21st Century,  Best Books,  General Fiction

Best Books of 2011

2011 has been a great reading year for me. I tend to take into account the quality of what I read and not the number of books I read. Sometimes, a single book can change your life in ways that fifty other books did not. So, I am happy to say that I read books that reminded me of how much I love sitting on my bed, with a blankett and a good book. Or how it can help me to read a few chapters of a book I love to keep on working on those awfully boring papers for school.

Here you have, Books and Reviews’ best books of 2011!

Lamb (Christopher Moore) 4,5/5 A humoristic re-writing of Jesus Christ’ life narrated by his childhood bestfriend who accompanied him until her death. Sweet and funny, incredibly full of values to live your life by. Review here.

Alias Grace (Margaret Atwood) 4,5/5 – What can I say about Margaret Atwood? I simply adore everything she writes. This book was a journey into a 19th century woman’s mind and how she managed being accused of murder. Review here.

Rebecca (Daphne DuMaurier) 4/5 – A Classic. It was dark, thrilling, and very psychological, in every sense of the word you can imagine. You can read my review here.

The Weird Sisters (Eleanor Brown) 4,5/5 – A book I bought for light reading and loved so much as to want to re-read it. The Andrea sisters just reminded me how much I love books: from the font, to the quiality of the paper or the design of the cover. A must read. Also, the author was kind enough to let me interview here. You can read my review here and the interview here.

When Will there be Good News? (Kate Atkinson) 4/5 – Everyone kept insisting on how wonderful Kate Atkinson is and I did not belive them. She is as wonderful as an English female author of detective fiction can get, which is awesome. Review here.

The Dinosaur Feather (Sisel Jo Gazan) 4,5/5 – A crime novel set on a college and with the incredible combination of dinosaurs, academics and a thesis. Simply perfect! Review here.

Two of my passions: reading and bunnies.

I am incredibly proud of myself for having reviewed all these books that I loved so much. I wanted to share them with all of you and, hopefully, having helped you to discover new titles. But, the best part, is that we got to share opinions.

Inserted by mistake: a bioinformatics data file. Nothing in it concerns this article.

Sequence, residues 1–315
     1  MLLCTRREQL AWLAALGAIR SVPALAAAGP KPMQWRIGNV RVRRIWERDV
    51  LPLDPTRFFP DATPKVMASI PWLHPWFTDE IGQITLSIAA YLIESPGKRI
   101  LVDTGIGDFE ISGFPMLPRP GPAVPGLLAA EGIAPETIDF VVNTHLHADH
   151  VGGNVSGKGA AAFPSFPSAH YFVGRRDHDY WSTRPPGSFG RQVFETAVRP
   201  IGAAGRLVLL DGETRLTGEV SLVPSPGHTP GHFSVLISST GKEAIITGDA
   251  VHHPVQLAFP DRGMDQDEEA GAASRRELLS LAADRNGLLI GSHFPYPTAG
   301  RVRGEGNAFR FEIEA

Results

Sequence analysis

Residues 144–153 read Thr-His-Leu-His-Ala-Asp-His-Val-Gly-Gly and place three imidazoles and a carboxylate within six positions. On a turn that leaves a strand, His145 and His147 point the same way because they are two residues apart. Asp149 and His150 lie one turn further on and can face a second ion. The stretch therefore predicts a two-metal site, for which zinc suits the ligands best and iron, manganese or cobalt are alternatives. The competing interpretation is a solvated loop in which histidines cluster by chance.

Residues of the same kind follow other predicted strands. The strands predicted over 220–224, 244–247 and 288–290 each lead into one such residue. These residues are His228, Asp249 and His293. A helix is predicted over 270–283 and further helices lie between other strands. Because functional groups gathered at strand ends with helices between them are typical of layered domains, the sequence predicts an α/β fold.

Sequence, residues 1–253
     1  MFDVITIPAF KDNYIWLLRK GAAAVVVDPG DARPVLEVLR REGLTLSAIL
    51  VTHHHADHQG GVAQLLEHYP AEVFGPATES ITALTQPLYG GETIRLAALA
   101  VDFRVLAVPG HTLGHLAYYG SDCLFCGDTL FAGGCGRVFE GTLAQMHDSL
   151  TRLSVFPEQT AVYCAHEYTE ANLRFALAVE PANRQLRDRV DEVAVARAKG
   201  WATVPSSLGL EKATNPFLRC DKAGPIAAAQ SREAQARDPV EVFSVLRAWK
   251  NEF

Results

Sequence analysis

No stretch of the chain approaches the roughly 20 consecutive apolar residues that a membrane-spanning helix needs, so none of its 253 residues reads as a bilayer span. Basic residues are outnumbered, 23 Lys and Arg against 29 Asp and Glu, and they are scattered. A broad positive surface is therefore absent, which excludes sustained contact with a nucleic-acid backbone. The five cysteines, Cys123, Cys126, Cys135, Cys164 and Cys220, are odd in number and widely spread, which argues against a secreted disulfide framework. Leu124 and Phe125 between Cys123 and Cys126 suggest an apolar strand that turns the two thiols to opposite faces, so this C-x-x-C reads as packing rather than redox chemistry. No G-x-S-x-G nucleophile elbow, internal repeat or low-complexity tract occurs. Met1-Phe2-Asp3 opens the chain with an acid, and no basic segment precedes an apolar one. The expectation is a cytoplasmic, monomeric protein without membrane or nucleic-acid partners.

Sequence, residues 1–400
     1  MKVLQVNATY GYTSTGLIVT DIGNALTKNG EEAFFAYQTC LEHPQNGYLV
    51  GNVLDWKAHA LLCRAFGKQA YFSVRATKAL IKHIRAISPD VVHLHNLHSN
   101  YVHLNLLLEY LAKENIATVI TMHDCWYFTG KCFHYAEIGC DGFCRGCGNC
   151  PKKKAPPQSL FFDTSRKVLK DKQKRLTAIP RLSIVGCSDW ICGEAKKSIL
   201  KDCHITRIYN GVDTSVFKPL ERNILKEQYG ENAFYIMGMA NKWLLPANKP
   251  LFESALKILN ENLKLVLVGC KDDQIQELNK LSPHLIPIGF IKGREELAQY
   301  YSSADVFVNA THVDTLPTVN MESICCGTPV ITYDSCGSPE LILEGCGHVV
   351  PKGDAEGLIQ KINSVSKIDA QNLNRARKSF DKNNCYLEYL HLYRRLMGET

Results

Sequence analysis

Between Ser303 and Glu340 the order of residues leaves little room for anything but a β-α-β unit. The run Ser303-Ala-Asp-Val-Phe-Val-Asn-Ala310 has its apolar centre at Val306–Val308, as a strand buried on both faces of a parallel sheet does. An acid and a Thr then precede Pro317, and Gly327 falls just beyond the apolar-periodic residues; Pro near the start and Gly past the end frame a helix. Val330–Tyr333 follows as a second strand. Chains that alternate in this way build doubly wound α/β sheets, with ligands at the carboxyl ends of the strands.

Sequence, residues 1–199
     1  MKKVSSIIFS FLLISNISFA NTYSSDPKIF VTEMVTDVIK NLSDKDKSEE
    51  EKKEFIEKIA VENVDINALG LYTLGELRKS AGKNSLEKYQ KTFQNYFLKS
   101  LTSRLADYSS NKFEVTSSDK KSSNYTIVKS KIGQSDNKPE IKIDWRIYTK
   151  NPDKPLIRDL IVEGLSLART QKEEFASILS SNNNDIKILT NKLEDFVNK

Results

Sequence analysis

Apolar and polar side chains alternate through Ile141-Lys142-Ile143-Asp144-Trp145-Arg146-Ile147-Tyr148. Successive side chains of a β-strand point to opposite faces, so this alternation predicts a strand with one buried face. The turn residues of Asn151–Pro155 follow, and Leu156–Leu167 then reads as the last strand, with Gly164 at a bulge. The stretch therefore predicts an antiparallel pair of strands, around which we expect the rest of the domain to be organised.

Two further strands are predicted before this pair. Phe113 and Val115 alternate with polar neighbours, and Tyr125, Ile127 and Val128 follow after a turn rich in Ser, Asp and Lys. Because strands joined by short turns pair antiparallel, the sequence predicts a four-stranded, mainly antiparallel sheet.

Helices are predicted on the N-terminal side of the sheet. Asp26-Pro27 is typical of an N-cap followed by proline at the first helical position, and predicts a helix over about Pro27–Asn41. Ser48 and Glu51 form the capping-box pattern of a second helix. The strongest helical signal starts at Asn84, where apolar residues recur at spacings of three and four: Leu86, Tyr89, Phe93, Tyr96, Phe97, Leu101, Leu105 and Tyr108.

I hope you have a wonderful New Year’s Eve and 2012 is full of happiness, health, love, projects and books for all of you. Thanks for visiting Books and Reviews and a especial thanks to those who took time to comment, enriching the blog and fulfilling its mission: spread the literary love.



  • Iris

    Rebecca is on my list too! And I enjoyed The Weird Sisters a lot as well!

    Also, I just became super enthousiastic, because you love bunnies!!! I love bunnies! Sorry, bunnies make me use extra exclamation marks and I get all warm and fuzzy and excited. Okay, that’s enough embarrassing detail from me 😉

    Happy 2012!

  • Ellie Warren (@patchworkbunny)

    It’s great to see so many people discovering Rebecca this year, it’s one of my all time faves. I have Lamb and The Weird Sisters on my wishlist and Alias Grace and When Will There Be Good News on my TBR… I will have to look into The Dinosaur Feather (though if you like the history of dinosaurs, Remarkable Creatures by Tracy Chevalier is excellent).

    Happy new year!

    • Elena

      Thanks for vising, Helen! The Dinosaur Feather is a great crime novel but dinosaurs have a secondary role. I just read a review by a blogger I trust in which she gave Remarkable Creatures a very low rating… so I’ll take a look next time I visit my local bookshop.

      Happy new year to you too, and keep that stormtrooper that cute with the book!

  • Elena

    Have you noticed that out of 6, 5 are written by women? How fantastic! I was just not aware of that when reading those books, writing their reviews or even selecting them for the list 🙂

  • Rikki

    Ah, with Rebecca you seem to go with the flow, :). It seems to me that a lot of people discovered or re-read du Maurier this year. I read her a long time ago (didn’t I say the same about Mansfield Park?) and remember I quite liked Rebecca, but not that much. I will have a look at “Lamb” and “The Weird Sisters”. They sound great!

    • Elena

      Oh I just bought it after a blogger friend of mine told me how much she liked it! And I actually did, there was something in the style that really caught me.

      “Lamb” is incredibly sweet and beautiful and everything you can imagine. I didn’t expect that much, but it is a really touching book.

      “The Weird Sisters” makes you love books even more… it’s just incredible how Eleanor Brown manages to make you appreciate the physical book in you harnds that much.

    • Elena

      I think that it is a book written for people who really appreciate books as physical entities. I personally love the smell of a new book. Let me know if you read it and don’t forget to read the interview, Eleanor was so amazing with me 🙂

  • Risa

    Oh! I’m hoping to try Atkinson this year. I did some googling on her about a week or two ago and was absolutely curious after learning that she was responsible for a certain trend in crime fiction, made famous by the likes of Agatha Christie. I’ve downloaded a couple of ebooks…let’s see how I like it. 😀 I’m also hoping to buy Rebecca this year and read it! 😀

    • Elena

      I think Atkinson is like a 21st century Agatha Christie, but even greater. Let me know which one you pick, because her “Case Stories” are very famous too!

      • Risa

        Erm…I feel like an absolute doofus! I was so confused when you called her a 21st century writer, and then I realised I had confused her with Mary Roberts Rinehart — don’t ask me how! Rinehart is the one I’m planning to try this year — a predecessor of Agatha Christie. I’ll have to see if I’ll give Atkinson a try.

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